But it doesn't have to be that way because Jesus, God's own son, God in the flesh died on a cross in your place, in my place and took our sin, the sin of humanity on his shoulders. He took the judgment that we deserved, we deserved it, but he took it so that we could be reconciled to God, so that we could be brought near to him. That could be yours, you can be forgiven. So if you're here in this moment with your heads bowed and eyes closed, and you know that your greatest need is Jesus. What it means to follow him is to turn away from your old life of sin and turn to and embrace Jesus. You say, Jonathan, you don't know what I've done. God already does, and God knew it when Jesus went to the cross, he went still. That's how much God loves you.

He wants to know you, he wants to forgive you, he wants to cleanse you, and he wants to give you a brand new life connected to the source of life. And so if you want to know more about what it means to follow Jesus, if you're here at our CrossPoint campus onsite today, when you leave, you'll see in the lobby a table with some Bibles on it. And some prayer partners and pastors are there, and they'd love to talk with you about what it means to follow Christ. If you're watching online, we want to connect with you as well. You can do that by either calling our church office right now today, 716-631-2636 or by going to Let us know because we want to help you, come alongside you on your journey of faith.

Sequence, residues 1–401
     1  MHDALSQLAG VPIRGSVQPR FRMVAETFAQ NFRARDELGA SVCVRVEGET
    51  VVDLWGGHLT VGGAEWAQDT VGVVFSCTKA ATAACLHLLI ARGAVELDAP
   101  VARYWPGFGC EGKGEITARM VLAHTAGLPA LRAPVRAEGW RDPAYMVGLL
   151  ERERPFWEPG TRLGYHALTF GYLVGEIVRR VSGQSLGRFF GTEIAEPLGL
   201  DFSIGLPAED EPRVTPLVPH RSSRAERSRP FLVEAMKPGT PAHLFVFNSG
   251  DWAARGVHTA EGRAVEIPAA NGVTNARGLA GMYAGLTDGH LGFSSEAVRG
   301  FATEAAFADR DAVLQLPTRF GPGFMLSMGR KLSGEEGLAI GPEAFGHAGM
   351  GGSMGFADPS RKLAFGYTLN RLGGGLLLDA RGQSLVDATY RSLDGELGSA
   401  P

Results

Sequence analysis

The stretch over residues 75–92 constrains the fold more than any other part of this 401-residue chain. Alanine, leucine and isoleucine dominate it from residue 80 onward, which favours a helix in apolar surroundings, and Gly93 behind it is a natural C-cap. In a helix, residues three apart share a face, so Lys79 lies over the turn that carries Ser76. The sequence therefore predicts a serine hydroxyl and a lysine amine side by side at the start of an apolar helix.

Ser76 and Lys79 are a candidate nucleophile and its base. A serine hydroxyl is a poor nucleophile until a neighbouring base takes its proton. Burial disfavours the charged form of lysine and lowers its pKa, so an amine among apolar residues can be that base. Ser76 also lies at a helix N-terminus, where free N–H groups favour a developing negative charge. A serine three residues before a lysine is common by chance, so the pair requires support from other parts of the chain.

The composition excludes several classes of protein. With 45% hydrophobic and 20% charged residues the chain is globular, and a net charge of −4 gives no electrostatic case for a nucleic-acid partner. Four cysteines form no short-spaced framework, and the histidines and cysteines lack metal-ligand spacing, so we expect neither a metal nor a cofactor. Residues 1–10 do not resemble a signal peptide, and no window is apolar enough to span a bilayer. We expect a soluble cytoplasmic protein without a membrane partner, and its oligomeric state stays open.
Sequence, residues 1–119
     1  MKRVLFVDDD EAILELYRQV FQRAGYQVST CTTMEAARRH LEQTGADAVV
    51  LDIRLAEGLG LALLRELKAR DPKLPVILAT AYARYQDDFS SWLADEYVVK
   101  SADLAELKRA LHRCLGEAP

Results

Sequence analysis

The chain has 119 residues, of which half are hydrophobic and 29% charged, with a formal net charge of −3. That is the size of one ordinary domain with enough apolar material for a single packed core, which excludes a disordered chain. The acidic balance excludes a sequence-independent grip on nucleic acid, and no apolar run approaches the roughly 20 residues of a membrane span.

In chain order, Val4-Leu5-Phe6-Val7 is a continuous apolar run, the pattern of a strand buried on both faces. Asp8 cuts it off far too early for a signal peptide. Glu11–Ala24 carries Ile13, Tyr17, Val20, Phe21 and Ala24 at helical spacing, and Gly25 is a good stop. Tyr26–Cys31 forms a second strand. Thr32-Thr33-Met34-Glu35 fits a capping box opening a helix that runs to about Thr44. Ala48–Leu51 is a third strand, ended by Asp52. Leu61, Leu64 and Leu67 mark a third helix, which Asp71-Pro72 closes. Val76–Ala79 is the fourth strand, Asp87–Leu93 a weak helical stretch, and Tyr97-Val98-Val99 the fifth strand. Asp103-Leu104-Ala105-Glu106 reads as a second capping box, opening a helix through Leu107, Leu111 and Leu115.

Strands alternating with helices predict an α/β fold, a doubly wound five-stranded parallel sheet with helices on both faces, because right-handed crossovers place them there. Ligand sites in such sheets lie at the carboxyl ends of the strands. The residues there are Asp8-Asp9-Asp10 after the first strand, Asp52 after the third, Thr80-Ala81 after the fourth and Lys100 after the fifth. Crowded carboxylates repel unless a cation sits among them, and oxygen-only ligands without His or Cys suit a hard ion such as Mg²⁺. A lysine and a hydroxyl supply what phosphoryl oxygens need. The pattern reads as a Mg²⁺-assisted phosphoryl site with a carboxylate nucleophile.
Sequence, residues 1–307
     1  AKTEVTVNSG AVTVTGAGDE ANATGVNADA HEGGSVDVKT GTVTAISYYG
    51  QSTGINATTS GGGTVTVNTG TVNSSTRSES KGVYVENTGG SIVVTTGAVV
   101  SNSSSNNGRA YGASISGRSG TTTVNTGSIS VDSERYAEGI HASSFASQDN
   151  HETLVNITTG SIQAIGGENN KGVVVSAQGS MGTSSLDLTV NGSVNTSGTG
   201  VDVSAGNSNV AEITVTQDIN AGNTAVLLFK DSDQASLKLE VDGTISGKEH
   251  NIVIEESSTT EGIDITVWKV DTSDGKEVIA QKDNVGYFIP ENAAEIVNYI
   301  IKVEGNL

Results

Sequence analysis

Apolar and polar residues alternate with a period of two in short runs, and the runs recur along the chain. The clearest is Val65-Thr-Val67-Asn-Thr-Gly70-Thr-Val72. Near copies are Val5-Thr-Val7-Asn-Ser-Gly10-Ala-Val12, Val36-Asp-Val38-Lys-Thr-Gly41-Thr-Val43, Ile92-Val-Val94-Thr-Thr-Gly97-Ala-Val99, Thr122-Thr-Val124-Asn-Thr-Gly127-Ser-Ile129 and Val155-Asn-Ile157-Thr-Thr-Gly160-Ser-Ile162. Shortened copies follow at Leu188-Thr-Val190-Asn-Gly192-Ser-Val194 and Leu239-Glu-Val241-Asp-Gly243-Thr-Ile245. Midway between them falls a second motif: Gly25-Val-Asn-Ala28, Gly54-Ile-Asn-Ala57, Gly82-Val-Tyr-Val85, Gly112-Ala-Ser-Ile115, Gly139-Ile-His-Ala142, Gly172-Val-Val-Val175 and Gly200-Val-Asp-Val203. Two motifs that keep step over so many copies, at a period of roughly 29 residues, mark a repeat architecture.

So God, I pray that we would walk full of humility recognizing the great debt that we owed and that we could never pay, that we owed you an incalculable debt of our sin. And God, because of your great mercy, because you have forgiven us and set us free, I pray that we would carry your heart forward into every reaction and interaction we have today in this week. That people would see Jesus clearly, Jesus the king in how we live as citizens, servants of your kingdom. And God, may you allow us, may you fill us with your forgiveness so that we can dispense it to others who so desperately need it. In a world that is so calloused and hard-hearted in so many areas and ways, may the people of God in Christ bring refreshments through the forgiveness that Jesus offers. God, we want that for our region and our world. We pray this in Christ's name. Amen.

More From This Series

Part 1

Pastor Wes Aarum Part 1 - Aug 9, 2020

The Two Sons

Pastor Jerry Gillis Part 2 - Aug 16, 2020
Watching Now

The Unforgiving Servant

Pastor Jonathan Drake Part 3 - Aug 23, 2020

Part 4: Edwin Perez

Edwin Perez Part 4 - Aug 30, 2020

Part 4

Pastor Leroy Wiggins Part 5 - Aug 30, 2020

Part 4: Wes Aarum

Pastor Wes Aarum Part 6 - Aug 30, 2020

Signs & Times

Pastor Jerry Gillis Part 7 - Sep 6, 2020